HC Deb 25 June 1935 vol 303 cc943-5
53. Sir J. POWER

asked the Secretary of State for the Colonies whether he has any further statement to make on the recent riots of the copper-mine workers in Rhodesia?

The SECRETARY of STATE for the COLONIES (Mr. Malcolm MacDonald)

My predecessor announced to the House on 3rd June the personnel of a Commission which the Governor of Northern Rhodesia had appointed to inquire into the recent disturbances in the mining district of the Territory. Both the Governor and I myself are of the opinion that that Commission would have presented a satisfactory and impartial report, but local opinion, including that of the mining and the missionary communities, has expressed itself strongly in favour of reconstituting the Commission on a broader basis.

It is clear that the usefulness of the Commission depends to a large extent on close co-operation on the part of the local community, and it is most desirable that unsettlement amongst the native miners should not be kept alive by any widespread local criticism of the Commission. In view of these considerations, the Governor has recommended that a judicial officer from outside the Territory should be appointed Chairman of the Commission, and I have accepted his recommendation.

I am glad to say that I have been able to secure the services as Chairman of Sir Alison Russell, K.C., who has held the posts of King's Advocate, Cyprus, Chief Justice, Tanganyika, and Legal Adviser to the Governor of Malta.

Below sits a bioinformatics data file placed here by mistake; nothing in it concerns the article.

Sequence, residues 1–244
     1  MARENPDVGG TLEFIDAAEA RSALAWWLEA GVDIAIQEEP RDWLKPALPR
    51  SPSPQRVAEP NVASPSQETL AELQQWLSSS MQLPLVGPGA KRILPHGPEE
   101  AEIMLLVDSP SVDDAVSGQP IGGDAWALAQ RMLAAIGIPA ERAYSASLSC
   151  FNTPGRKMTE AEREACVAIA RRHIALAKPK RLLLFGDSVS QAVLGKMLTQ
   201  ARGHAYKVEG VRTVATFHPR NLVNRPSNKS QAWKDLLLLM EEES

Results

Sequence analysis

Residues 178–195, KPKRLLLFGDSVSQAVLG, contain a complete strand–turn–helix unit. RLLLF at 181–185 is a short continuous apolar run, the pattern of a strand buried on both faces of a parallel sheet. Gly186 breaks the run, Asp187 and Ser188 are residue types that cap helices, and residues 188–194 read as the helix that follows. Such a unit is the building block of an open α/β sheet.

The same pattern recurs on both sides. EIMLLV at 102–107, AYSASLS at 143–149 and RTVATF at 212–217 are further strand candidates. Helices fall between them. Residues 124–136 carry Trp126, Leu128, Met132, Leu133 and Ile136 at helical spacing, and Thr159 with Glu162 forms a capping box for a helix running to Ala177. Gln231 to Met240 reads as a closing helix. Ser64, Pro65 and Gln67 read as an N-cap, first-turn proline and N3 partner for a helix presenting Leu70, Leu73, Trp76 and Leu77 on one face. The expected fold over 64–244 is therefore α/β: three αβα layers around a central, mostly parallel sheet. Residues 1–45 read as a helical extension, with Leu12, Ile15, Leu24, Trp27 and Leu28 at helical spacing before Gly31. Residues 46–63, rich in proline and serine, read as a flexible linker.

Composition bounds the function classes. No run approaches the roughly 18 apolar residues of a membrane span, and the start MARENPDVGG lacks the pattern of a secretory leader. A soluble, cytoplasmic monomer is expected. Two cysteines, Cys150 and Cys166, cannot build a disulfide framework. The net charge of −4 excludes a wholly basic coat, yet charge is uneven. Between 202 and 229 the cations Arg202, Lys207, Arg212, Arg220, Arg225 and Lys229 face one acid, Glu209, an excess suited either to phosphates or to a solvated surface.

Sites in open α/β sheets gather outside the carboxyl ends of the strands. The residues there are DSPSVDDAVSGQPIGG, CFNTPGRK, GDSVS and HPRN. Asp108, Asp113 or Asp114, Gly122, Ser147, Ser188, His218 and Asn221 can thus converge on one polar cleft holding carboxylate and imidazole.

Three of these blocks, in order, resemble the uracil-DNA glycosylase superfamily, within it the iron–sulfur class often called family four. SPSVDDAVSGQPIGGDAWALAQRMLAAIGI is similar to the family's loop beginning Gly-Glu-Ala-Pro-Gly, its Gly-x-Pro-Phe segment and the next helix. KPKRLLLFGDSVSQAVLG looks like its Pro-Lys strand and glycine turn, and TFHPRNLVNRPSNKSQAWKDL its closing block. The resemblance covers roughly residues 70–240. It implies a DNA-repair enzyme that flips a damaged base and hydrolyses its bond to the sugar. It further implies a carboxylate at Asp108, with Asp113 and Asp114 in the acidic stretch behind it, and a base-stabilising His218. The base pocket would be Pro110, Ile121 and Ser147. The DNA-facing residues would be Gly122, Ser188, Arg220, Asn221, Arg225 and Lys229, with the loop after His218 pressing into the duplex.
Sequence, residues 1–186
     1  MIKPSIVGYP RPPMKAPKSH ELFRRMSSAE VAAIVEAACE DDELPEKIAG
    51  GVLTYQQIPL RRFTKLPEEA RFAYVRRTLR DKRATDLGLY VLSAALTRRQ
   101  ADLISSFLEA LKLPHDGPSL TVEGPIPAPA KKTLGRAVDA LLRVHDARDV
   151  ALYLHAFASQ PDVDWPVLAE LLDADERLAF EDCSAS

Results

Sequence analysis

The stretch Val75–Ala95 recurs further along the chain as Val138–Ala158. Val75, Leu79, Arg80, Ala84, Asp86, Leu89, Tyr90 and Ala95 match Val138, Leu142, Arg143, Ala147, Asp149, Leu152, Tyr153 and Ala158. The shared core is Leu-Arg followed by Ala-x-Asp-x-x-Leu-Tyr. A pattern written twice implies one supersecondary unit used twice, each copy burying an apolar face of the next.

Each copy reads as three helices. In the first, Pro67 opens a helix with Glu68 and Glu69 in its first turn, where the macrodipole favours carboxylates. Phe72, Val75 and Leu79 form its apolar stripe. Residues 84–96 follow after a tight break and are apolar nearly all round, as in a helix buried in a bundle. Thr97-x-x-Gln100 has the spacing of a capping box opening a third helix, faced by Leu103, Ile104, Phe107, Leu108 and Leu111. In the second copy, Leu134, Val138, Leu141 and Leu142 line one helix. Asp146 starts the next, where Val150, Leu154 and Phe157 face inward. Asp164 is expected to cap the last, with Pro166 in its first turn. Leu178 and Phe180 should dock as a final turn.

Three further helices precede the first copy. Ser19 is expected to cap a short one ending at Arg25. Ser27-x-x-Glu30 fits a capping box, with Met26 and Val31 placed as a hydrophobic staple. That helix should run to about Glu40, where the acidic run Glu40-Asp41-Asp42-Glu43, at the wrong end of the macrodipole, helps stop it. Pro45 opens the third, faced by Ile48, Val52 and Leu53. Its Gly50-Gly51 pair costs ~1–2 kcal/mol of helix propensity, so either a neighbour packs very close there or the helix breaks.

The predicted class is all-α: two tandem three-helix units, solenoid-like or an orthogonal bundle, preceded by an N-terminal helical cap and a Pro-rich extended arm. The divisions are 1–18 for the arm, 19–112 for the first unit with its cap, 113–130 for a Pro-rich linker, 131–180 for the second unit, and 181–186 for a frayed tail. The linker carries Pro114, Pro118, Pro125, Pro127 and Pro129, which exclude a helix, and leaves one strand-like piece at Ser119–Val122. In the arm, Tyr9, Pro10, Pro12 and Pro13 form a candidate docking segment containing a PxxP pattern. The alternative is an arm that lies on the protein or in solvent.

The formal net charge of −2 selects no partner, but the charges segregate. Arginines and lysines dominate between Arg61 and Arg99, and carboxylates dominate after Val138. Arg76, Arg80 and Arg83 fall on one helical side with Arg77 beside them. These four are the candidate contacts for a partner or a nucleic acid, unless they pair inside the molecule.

The other members of the Commission will be Mr. Cartmel Robinson, who is the Provincial Commissioner of the Northern Province, Mr. Goodhart and Mr. Malcolm Moffat, a missionary whom the Governor has decided to appoint as a second unofficial member.

I am glad to say that conditions in the mining district are now normal again.


Has any representation been given to the workers—any direct representation—on this Commission?


The Commission has not been composed on the basis of representation of particular interests. These men have all been selected as men of impartial mind, who are fully capable of considering fairly every interest involved.


Is the right hon. Gentleman aware that the criticisms levelled at the composition of this Commission are precisely that the workers concerned have no representation on it?


I believe this Commission will command the confidence of the local community, who have been offering some criticisms.


In view of the fact that the workers are directly concerned, would it not have been better to have commanded their confidence by appointing someone to represent them directly?


Why should not the workers be represented?